“There were things that people said you were like, ‘That’s good; that’s really good,’ ” Lott said. “And you had things that people said that you went, ‘Wow,’ and it took the breath out of you. And there were moments that you wanted to feel like you had to cry because somebody, it impacted their life more than just being a game.”

Turner had seen this before during his attendance at many Tuesday lunches in Capitola. Clark might have been experiencing a difficult day, but he always seemed to find strength in his interaction with friends.

“He was listening to the letters and you could see that he was participating in the moment,” Turner said. “It was always amazing to me that after such tough mornings he could be so engaged and participate in the moment. It was something I’ll always remember.”

Said Lott, “It got all of us in that room that day just how lucky we were to have a chance to be around it.”

Clark died just two weeks later on June 4. He was 61.

49ers' Nick Bosa suffered first loss in over two years vs. Seahawks

nickbosabenchusa.jpg
USATSI

49ers' Nick Bosa suffered first loss in over two years vs. Seahawks

49ers rookie sensation Nick Bosa experienced something Monday night that the 22-year-old hasn’t faced in over two years.

He lost a game.

That’s right, the defensive end hadn’t suffered defeat prior to San Francisco's loss to the Seahawks on Monday night since his sophomore season at Ohio State.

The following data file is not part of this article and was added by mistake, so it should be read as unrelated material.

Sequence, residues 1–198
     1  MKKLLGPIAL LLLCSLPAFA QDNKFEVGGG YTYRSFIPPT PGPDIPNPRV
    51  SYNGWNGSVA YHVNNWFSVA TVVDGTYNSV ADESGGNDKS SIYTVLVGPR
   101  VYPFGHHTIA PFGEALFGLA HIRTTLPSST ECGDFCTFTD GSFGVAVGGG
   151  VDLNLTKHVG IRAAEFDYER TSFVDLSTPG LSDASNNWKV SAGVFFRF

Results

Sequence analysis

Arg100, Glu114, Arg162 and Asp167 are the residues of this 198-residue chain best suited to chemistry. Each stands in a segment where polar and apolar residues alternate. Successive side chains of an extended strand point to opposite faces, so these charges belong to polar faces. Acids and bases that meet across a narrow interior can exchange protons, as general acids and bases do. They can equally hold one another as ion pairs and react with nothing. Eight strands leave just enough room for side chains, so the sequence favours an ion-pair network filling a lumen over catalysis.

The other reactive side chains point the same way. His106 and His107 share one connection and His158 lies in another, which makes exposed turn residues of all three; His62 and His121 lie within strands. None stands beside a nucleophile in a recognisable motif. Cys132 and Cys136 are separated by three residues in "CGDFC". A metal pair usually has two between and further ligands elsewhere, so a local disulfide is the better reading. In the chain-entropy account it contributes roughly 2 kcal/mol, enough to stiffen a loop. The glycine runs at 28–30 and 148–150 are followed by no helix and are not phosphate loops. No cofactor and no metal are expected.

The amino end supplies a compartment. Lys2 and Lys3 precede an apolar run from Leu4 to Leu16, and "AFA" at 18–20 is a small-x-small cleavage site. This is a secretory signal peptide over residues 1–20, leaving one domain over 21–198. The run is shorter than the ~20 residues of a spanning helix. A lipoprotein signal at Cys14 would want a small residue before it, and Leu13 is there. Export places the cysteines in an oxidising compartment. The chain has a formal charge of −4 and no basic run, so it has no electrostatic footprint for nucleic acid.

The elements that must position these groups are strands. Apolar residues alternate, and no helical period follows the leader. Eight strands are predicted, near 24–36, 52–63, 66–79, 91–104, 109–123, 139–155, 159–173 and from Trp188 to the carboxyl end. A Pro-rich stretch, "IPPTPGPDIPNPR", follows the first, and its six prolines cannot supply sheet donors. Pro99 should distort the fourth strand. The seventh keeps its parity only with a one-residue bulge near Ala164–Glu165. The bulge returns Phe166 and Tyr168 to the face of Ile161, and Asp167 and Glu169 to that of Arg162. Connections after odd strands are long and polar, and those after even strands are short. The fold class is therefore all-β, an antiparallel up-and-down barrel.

That game was especially rough for Bosa, as he was ejected in the second quarter after a pretty blatant targeting penalty for a hit on Iowa's quarterback.

Bosa’s Buckeyes won the first three games of 2018 before he injured his knee and missed the final 11 games of his collegiate career.

[RELATED: 49ers clarify Kittle not officially ruled out vs. Cardinals]

The 49ers hope to restart Bosa’s winning streak Sunday when they take on the Arizona Cardinals at Levi’s Stadium.

49ers 'most likely' turn to Justin Skule again to replace Joe Staley

skulestaleyap.jpg
AP

49ers 'most likely' turn to Justin Skule again to replace Joe Staley

SANTA CLARA -- Rookie Justin Skule will “most likely” return to the 49ers starting lineup in place of veteran left tackle Joe Staley, coach Kyle Shanahan said Wednesday.

Staley underwent surgery to repair a broken and dislocated finger, an injury that occurred Monday night in the 49ers’ 27-24 overtime loss to the Seattle Seahawks.

Staley, a six-time Pro Bowler, did not realize the extent of the injury until it swelled on him Tuesday morning.

“He will not play this week and probably be out a couple of weeks,” Shanahan said.

Skule started six games earlier this season when Staley was sidelined with a fractured left lower leg. When Staley returned to action on Monday, Skule was deactivated for the game. The 49ers went with Daniel Brunskill as the backup offensive tackle behind Staley and Mike McGlinchey.

[RELATED: 49ers clarify George Kittle not officially ruled out yet vs. Cardinals]

Shanahan expressed confidence that Skule will again step in and play well in place of Staley.

“I thought he did a very good job,” Shanahan said of Skule, a sixth-round draft pick from Vanderbilt. “He came in there and stepped it up right away. He did a good job his first game and I thought he got better each week. We were happy with how he played, and I’m glad we have a couple of good backups.”